Exploring Variation in Known Pharmacogenetic Variants and its Association with Drug Response in Different Mexican Populations
Information on genetic variants that affect the pharmacokinetics and pharmacodynamics (PK/PD) of drugs in different populations from Mexico is still an ongoing endeavor. Here, we investigate allele frequencies on pharmacogenetic targets in Mexican Mestizos and Natives from three different States and its association with drug efficacy in individuals receiving either anticoagulants or antipsychotic drugs.
Natives from three different states and Mestizo patients receiving acenocoumarol or antipsychotics were genotyped using the DMET microarray (Affymetrix).
We provide a collection of genetic variants that indicate that there are 3-times more variation than similarities between populations from Mexico and major continental groups. These differences were observed in several relevant targets including ABCB1, SLCO1A1, NAT2, UGTs, TYMS, VKORC1, and NR1I3. Moreover, Mexican Mestizos also showed allele frequency differences when compared to Natives for variants on DPYD, ADH1A, CYP3A4, SLC28A3, and SLC28A1. Significant allele differences also arose among the three Native groups here studied, mostly for transporters of the ABC-binding cassette and the solute carrier gene family. Finally, we explored genotype-drug response associations and pinpointed variants on FMOs (coumarins), and GSTM1 (haloperidol).
These findings confirm previous results and further delve into the pharmacogenetics of Mexican populations including different Native groups.
KEY WORDSantipsychotics coumarins Mexican populations pharmacogenetics
Absorption, distribution, metabolism, and elimination
Adverse drug reactions
Glutathione S-Transferase Mu 1
International normalized ratio (INR) is a calculation based on prothrombin time
- 9.Fricke-Galindo I, Jung-Cook H, A LL, Lopez-Lopez M. Interethnic variability of pharmacogenetic biomarkers in Mexican healthy volunteers: a report from the RIBEF (Ibero-American Network of Pharmacogenetics and Pharmacogenomics). Drug Metabol Personal Ther. 2016.Google Scholar
- 13.Jittikoon J, Mahasirimongkol S, Charoenyingwattana A, Chaikledkaew U, Tragulpiankit P, Mangmool S, et al. Comparison of genetic variation in drug ADME-related genes in Thais with Caucasian, African and Asian HapMap populations. J Hum Genet. 2015.Google Scholar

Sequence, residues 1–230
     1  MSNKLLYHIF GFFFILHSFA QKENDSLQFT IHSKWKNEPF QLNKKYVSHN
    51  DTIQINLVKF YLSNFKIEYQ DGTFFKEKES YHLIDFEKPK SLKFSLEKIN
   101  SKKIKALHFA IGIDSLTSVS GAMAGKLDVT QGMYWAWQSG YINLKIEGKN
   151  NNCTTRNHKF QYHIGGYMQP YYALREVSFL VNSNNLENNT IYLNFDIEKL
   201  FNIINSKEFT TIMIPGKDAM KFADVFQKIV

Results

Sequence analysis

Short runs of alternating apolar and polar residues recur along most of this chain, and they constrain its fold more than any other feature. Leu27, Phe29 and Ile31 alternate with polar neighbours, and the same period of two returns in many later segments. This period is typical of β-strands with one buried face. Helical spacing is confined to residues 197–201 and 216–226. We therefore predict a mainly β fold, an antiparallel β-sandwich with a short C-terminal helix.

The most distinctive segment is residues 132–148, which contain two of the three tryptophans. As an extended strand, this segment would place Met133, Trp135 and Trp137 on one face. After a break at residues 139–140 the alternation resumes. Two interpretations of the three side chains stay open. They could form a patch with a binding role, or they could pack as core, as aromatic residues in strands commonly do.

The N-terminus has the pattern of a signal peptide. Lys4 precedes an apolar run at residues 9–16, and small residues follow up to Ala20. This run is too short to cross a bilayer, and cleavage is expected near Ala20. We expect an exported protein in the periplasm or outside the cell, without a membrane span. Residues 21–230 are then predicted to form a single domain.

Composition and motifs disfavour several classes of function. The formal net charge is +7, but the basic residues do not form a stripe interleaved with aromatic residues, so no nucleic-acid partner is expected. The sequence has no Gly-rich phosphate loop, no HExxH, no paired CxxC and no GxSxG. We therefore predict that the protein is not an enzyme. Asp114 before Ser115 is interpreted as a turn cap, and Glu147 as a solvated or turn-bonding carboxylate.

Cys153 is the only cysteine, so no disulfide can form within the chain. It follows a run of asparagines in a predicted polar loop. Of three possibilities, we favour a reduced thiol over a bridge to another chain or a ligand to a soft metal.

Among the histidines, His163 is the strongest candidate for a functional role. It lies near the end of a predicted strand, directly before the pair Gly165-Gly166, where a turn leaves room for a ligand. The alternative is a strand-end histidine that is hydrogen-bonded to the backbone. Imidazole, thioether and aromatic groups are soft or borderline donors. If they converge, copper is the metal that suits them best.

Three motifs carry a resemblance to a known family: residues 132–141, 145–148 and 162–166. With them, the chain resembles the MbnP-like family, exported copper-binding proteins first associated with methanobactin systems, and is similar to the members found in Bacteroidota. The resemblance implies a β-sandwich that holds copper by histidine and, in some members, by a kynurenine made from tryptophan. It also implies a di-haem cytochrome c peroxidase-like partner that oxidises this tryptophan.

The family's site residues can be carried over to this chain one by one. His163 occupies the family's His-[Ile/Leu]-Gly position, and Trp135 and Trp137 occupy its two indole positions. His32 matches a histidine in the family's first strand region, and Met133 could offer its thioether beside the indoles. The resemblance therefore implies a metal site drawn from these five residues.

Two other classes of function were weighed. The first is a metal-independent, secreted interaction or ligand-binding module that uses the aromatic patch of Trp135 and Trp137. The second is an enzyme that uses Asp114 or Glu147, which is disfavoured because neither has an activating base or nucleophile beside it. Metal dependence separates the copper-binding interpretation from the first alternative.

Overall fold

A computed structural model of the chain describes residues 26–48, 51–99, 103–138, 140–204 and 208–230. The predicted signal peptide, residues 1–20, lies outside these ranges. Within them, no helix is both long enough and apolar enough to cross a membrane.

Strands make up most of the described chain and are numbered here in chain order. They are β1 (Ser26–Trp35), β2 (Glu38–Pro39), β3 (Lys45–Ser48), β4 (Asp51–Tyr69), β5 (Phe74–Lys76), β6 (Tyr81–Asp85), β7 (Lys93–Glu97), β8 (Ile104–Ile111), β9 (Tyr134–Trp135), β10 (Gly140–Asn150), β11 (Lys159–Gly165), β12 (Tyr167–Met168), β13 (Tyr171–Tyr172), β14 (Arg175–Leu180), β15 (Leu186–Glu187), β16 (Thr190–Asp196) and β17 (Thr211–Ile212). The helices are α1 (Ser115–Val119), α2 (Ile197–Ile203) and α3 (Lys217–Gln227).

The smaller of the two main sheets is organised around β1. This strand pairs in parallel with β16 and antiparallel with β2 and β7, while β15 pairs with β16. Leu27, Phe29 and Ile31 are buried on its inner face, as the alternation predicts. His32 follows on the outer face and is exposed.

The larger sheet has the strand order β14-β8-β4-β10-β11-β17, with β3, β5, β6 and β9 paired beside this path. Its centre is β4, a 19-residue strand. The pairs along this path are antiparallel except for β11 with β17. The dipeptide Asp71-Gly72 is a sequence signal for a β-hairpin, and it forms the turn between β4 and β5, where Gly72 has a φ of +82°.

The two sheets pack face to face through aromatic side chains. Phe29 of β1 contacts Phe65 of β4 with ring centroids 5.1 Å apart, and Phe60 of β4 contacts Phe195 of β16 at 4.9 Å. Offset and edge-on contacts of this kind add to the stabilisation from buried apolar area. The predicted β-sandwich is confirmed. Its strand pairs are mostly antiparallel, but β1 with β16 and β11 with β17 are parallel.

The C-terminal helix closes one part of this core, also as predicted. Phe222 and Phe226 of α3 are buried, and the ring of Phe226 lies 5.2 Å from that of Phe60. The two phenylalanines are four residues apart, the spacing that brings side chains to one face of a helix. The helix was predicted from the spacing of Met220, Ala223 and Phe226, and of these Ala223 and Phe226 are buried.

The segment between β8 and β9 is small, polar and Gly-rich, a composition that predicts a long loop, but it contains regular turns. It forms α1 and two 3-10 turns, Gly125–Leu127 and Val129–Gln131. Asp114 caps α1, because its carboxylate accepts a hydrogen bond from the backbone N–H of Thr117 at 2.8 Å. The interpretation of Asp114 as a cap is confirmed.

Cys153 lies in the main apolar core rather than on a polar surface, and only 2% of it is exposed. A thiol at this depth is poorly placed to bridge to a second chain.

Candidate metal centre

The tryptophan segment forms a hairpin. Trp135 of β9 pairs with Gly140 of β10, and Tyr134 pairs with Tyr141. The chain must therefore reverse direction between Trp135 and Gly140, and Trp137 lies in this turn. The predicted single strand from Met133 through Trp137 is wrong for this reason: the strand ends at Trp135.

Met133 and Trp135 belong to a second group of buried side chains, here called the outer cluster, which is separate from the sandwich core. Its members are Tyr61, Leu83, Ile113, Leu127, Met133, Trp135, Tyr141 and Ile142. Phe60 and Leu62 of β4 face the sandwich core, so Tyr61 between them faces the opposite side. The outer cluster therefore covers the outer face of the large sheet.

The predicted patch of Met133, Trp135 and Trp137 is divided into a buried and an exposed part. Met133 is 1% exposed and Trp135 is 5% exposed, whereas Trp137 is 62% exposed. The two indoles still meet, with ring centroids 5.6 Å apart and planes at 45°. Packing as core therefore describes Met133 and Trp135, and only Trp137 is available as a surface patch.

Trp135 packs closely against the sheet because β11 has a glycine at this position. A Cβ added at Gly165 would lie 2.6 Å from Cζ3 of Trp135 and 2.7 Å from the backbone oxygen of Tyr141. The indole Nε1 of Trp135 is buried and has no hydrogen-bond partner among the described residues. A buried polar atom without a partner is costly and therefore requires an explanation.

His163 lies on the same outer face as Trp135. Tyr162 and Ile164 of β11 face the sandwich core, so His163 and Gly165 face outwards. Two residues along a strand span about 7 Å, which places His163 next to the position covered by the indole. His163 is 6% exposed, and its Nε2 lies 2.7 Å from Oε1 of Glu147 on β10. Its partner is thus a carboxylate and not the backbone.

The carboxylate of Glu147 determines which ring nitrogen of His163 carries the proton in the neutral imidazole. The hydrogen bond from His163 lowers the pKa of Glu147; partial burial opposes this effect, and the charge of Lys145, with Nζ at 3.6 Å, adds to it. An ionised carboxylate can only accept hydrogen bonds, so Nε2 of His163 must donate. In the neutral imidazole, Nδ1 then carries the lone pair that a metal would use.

- 16.Aminkeng F, Ross CJD, Rassekh SR, Brunham LR, Sistonen J, Dube MP, et al. Higher frequency of genetic variants conferring increased risk for ADRs for commonly used drugs treating cancer, AIDS and tuberculosis in persons of African descent. Pharmacogenomics J. 2014;14(2):160–70.CrossRefPubMedGoogle Scholar
- 18.Cuautle-Rodriguez P, Llerena A, Molina-Guarneros J. Present status and perspective of pharmacogenetics in Mexico. Drug Metabol Drug Interact. 2013. p. 37.Google Scholar
- 20.Jackson JN, Long KM, He Y, Motsinger-Reif AA, McLeod HL, Jack J. A comparison of DMET Plus microarray and genome-wide technologies by assessing population substructure. Pharmacogenet Genomics. 2016.Google Scholar
- 22.Kwara A, Lartey M, Boamah I, Rezk NL, Oliver-Commey J, Kenu E, et al. Interindividual variability in pharmacokinetics of generic nucleoside reverse transcriptase inhibitors in TB/HIV-coinfected Ghanaian patients: UGT2B7*1c Is associated with faster zidovudine clearance and glucuronidation. J Clin Pharmacol. 2009;49(9):1079–90.CrossRefPubMedPubMedCentralGoogle Scholar
- 32.Ortega-Vazquez A, Dorado P, Fricke-Galindo I, Jung-Cook H, Monroy-Jaramillo N, Martinez-Juarez IE, et al. CYP2C9, CYP2C19, ABCB1 genetic polymorphisms and phenytoin plasma concentrations in Mexican-Mestizo patients with epilepsy. Pharmacogenomics J. 2015.Google Scholar